At least 19 UN-affiliated personnel killed in Ethiopian crash: agency chief

Members have a moment of silence for the victims, including 19 UN workers, of Ethiopia Airline's crash before the 4th UN Environment Assembly at the UN headquarters in Nairobi, Kenya.

Members have a moment of silence for the victims, including 19 UN workers, of Ethiopia Airline's crash before the 4th UN Environment Assembly at the UN headquarters in Nairobi, Kenya.

AFP

NEW YORK - At least 19 people affiliated with the United Nations were among those killed in the crash on Sunday of an Ethiopian Airlines jet near Addis Ababa, according to the UN migration agency chief.

Authorities said all 157 people on board were killed when the Boeing 737 crashed shortly after takeoff from Addis Ababa on a flight to Nairobi, where the UN conference was being held.

"Early indications are that 19 staff members of UN-affiliated organizations perished," said International Organization for Migration head Antonio Vitorino.

"Numerous other staff members from at least five UN and affiliated organisations are understood to have also perished," he said.

Along with the IOM, the World Food Program, UN Refugee Agency, World Bank, UN Environment Agency and others lost colleagues, he said.

READ: Search for bodies, clues after Ethiopian Airlines plane crash

Among the IOM staff on the plane was Anne Feigl, who worked for the agency's mission in Sudan. 

Mission chief Catherine Northing remembered Feigl as "an extremely valued colleague and popular staff member, committed and professional."

Meanwhile, World Food Program director David Beasley, who confirmed seven of his staff had died, said: "As we mourn, let us reflect that each of these WFP colleagues were willing to travel and work far from their homes and loved ones to help make the world a better place to live."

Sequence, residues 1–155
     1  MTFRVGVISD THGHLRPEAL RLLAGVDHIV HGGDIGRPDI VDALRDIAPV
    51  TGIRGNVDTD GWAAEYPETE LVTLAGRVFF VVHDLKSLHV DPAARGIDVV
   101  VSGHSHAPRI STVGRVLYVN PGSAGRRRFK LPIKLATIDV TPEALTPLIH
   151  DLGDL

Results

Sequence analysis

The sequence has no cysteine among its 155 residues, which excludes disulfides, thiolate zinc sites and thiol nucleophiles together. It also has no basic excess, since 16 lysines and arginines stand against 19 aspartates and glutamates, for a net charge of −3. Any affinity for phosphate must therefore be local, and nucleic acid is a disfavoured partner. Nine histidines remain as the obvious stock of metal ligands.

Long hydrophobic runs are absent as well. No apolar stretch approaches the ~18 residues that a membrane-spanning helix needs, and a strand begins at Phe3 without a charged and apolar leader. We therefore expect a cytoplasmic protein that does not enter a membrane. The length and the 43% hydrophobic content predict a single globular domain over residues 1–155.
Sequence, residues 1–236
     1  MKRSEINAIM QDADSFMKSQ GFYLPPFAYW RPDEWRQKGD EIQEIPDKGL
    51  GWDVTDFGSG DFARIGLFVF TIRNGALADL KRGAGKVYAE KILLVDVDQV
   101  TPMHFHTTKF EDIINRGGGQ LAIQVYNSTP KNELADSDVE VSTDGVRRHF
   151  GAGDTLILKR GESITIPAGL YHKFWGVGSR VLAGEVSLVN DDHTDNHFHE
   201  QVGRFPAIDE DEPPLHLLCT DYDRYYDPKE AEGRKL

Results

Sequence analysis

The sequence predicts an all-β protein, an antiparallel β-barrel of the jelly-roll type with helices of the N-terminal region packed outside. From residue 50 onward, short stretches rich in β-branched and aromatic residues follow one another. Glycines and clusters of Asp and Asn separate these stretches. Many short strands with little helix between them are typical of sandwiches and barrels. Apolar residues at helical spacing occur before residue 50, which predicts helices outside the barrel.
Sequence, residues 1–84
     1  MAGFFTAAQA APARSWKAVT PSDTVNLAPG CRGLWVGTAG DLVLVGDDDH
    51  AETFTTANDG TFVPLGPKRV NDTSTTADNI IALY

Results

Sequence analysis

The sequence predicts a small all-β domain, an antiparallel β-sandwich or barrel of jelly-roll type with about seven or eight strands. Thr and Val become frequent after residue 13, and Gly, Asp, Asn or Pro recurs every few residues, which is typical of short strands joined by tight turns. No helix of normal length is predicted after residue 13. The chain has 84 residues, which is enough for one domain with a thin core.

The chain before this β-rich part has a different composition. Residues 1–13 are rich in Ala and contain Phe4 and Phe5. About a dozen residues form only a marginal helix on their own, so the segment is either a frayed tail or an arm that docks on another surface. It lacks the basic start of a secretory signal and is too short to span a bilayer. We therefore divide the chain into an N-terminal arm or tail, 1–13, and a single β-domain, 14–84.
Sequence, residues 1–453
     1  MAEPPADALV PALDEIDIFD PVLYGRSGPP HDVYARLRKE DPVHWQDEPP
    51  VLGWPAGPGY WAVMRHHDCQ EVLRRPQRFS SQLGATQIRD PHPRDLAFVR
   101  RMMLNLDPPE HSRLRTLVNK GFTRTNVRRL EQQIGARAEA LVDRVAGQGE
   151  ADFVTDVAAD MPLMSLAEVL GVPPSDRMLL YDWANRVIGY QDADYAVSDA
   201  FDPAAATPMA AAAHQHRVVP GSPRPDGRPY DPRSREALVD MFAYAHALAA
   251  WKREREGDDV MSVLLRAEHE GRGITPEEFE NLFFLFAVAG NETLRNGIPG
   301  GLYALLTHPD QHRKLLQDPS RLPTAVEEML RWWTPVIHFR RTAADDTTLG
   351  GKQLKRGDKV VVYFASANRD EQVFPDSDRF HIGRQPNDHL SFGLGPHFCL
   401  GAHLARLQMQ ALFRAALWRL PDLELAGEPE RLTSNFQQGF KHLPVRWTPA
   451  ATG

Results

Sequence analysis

In a statement, Geneva-based UN High Commissioner for Refugees, Filippo Grandi, did not confirm the number of colleagues among the dead -- but said his agency had suffered a "huge loss."

READ: Crashed Ethiopian Airlines jet carried passengers from 33 countries

A UN source had earlier added that freelance interpreters travelling to a UN conference on the environment might also be among the dead.

Establishing the exact number of UN personnel on the flight was complicated by the fact that some had informed the United Nations of their travel plans while others had not, and not all were using their UN passports to travel, the source said.

UN Secretary-General Antonio Guterres said he was "deeply saddened at the tragic loss of lives."

"He conveys his heartfelt sympathies and solidarity to the victims' families and loved ones, including those of United Nations staff members, as well as sincere condolences to the government and people of Ethiopia," the statement said.

"The United Nations is in contact with the Ethiopian authorities and working closely with them to establish the details of United Nations personnel who lost their lives in this tragedy."

Source
AFP

Paid Content